Hidaki, et.al. in the early 1980's discovered the first protein-kinase inhibitors, and established the principle of changing chemical structure to elicit different kinase inhibition specificity [8]. Drug development has followed the lead of the academic community in developing novel inhibitory compounds at points along these disease-related pathways. The protein kinase target class is now the second largest group of drug targets behind G-protein-coupled-receptors [3]. Kinases of the Tyrosine and Serine/Threonine family have been targeted successfully by small-molecule inhibitors and monoclonal antibodies, with many undergoing human clinical trials or successfully launched as therapeutic entities [913].

Acquired resistance to kinase-targeted anticancer therapy has been documented, and most extensively studied with imatinib (Gleevec™), an inhibitor of the aberrant BCR-ABL kinase, in chronic myelogenous leukemia [14]. Resistance has also occurred in EGFR-targeted inhibitor therapy using gefitinib (Iressa™) and erlotinib (Tarceva™). Mutations occurring in the catalytic domain of the receptor have been implicated in this resistance, but cannot account for all resistance seen to these small molecule inhibitors, indicating other mechanisms are involved in the resistance seen to date [15, 16]. Therefore, multiple strategies will be necessary to overcome the observed resistance to these new molecularly targeted therapies, as well as methods to predict their efficacy.

Most kinase inhibitors target the ATP-binding site common to all kinases, and can bind multiple kinases [17]. This generates an inability to predict compound specificity for a particular kinase, and the subsequent need to analyze large numbers of kinases through a screening or profiling approach. Data from these in vitro assays allow the researcher to predict clinical uses for inhibitors and possible offsite target effects. Studies using purified kinase and substrate are dependent on ATP concentration used, and the apparent Km for ATP can differ between kinases. This can lead to problems in the development of small molecule inhibitors based on competition at the ATP-binding site of a kinase, as the ATP concentration in vivo may differ greatly from that used in vitro. In addition, kinase activity studies in a purified setting may use domains of proteins and peptide substrates, which can lead to erroneous interpretation of the true nature of kinase activity and/or inhibition. The in vivo studies using Western blot analysis also can be difficult to interpret due to the need to use a protein preparation from a cellular lysate, and inherent variability when using antibodies for Western blot analysis. Small changes in any step of the protocol could lead to differences in interpretation of the results. For these reasons, and the need for strategies to prevent or overcome resistance formation in malignancies, we have used an in vitro and functional cellular assay approach to study the EGFR/AP-1 signal transduction pathway. AP-1 activation through EGFR was assessed using a β-lactamase reporter gene assay, and served as a model for inhibition of pathway components on a functional cellular level. Kinase profiling using full length EGFR and peptide substrates was used in parallel for confirmation and specificity of inhibition. The knockdown of qualified targets in the EGFR/AP-1 pathway was further studied by immunocytochemistry, allowing for assessment on a cellular protein level. Following qualification of targets in this cancer-related pathway, a functional cellular assay was used to analyze the potential therapeutic benefit of combining RNAi and kinase inhibitors against EGFR and MEK-1 in the AP-1 activation pathway of a human cervical cancer cell line.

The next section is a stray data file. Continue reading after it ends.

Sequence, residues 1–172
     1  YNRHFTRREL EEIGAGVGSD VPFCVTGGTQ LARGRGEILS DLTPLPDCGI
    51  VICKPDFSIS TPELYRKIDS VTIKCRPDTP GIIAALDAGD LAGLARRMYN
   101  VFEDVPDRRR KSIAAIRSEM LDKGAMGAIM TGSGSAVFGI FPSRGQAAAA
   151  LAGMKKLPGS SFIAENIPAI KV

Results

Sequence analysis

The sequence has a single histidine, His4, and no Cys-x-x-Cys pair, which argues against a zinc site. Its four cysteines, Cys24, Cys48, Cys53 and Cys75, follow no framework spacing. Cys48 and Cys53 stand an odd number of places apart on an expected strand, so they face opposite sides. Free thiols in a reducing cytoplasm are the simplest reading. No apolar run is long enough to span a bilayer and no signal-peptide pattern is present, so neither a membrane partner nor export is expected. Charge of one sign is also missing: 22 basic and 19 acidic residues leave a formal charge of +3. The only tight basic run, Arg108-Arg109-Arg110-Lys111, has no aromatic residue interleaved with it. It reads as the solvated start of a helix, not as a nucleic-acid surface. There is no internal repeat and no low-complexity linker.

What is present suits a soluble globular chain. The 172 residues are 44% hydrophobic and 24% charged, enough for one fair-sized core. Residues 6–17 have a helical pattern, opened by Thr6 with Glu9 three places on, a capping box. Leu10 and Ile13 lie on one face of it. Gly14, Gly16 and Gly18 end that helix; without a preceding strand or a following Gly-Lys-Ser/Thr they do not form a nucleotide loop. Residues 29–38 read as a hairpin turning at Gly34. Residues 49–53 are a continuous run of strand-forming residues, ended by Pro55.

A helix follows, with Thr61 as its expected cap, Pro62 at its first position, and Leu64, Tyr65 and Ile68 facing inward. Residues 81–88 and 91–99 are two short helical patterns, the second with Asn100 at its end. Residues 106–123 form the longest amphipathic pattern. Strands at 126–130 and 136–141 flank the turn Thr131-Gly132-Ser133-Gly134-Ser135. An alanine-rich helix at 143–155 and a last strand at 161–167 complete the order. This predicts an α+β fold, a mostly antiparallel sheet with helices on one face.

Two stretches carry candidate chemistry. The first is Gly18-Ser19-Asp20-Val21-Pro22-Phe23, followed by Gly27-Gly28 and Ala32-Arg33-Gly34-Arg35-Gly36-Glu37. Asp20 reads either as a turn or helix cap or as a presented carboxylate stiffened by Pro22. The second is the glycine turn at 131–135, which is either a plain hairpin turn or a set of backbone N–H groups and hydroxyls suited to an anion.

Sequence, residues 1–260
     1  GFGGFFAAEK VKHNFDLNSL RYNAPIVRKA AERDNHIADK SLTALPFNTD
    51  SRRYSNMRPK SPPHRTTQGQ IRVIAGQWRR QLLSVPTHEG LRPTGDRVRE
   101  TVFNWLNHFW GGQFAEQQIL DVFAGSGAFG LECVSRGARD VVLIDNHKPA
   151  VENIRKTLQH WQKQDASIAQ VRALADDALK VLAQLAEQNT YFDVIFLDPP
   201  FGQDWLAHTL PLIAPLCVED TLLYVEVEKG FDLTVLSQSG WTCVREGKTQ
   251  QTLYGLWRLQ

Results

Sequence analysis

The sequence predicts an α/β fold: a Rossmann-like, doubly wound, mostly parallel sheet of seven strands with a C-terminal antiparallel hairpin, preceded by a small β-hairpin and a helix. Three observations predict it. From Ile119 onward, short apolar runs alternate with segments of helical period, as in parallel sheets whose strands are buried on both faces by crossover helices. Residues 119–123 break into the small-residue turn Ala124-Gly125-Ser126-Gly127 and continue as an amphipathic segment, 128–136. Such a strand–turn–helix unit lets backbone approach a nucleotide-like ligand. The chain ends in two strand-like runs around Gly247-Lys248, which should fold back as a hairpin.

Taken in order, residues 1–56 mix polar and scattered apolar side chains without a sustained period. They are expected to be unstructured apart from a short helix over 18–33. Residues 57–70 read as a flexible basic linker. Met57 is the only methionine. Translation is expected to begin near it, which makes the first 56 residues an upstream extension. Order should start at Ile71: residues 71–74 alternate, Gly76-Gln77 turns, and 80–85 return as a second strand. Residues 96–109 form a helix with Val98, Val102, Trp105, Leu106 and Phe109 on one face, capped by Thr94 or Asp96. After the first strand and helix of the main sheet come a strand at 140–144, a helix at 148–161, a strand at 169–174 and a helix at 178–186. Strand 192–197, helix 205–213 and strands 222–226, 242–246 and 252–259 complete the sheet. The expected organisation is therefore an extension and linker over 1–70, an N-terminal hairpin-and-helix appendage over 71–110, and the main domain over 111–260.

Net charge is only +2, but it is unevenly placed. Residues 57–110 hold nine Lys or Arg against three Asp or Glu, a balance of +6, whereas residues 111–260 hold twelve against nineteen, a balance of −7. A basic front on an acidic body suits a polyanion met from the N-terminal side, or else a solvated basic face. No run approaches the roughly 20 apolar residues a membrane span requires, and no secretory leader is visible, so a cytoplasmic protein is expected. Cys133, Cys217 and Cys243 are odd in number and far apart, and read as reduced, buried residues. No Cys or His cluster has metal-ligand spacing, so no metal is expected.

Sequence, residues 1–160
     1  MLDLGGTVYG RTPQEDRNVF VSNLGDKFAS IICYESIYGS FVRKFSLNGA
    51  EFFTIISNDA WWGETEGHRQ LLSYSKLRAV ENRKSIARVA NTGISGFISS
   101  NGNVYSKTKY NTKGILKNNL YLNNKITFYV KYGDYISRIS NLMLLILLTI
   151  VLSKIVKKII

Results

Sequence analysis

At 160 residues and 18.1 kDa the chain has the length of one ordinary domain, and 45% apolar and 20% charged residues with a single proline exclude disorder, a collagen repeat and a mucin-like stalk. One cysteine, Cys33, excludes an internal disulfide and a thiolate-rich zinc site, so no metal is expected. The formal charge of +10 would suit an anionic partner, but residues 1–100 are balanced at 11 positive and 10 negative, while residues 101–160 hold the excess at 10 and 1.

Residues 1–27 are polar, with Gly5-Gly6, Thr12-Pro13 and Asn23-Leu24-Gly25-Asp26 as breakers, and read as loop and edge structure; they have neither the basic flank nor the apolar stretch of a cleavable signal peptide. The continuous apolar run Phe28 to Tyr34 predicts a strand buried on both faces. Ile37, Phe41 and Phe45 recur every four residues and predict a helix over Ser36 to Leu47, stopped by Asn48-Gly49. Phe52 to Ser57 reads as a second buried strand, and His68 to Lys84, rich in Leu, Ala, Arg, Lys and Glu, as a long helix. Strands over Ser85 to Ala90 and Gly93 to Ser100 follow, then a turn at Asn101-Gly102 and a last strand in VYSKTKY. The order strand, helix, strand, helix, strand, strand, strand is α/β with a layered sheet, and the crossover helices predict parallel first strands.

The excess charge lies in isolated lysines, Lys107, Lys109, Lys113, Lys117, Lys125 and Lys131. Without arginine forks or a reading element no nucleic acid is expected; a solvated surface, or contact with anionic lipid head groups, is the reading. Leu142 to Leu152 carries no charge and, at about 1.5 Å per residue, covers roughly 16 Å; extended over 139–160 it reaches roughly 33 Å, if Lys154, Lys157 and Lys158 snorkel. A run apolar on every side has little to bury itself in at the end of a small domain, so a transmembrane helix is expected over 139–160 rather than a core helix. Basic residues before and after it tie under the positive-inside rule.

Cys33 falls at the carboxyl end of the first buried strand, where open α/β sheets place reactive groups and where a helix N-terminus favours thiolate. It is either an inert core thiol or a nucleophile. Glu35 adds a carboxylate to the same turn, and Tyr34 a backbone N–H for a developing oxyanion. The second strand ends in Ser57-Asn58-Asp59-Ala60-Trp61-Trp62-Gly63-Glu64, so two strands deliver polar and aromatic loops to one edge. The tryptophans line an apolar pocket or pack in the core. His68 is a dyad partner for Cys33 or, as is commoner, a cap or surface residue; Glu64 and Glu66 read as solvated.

Methods

AP-1-bla ME180 CellSensor™cell line

An AP-1 response element (TGACTAA, 7X) was inserted into the MCS of the β-lactamase lentiviral reporter vector using Gateway® technology according to the manufacturer's instructions (Invitrogen, Carlsbad, CA). The virus created from this vector was used to transduce ME180 cells [18] according to manufacturer's instructions (Invitrogen, Carlsbad, CA). Following a one day incubation, the cells were split and placed in media with Blasticidin (5 ug/ml) for 3–4 days. Cells were then washed with phosphate buffered saline (PBS), refed, and further selected for seven to ten days in media containing Blasticidin. Flow cytometry was used to select for β-lactamase expressing cells according to previously published protocols [19].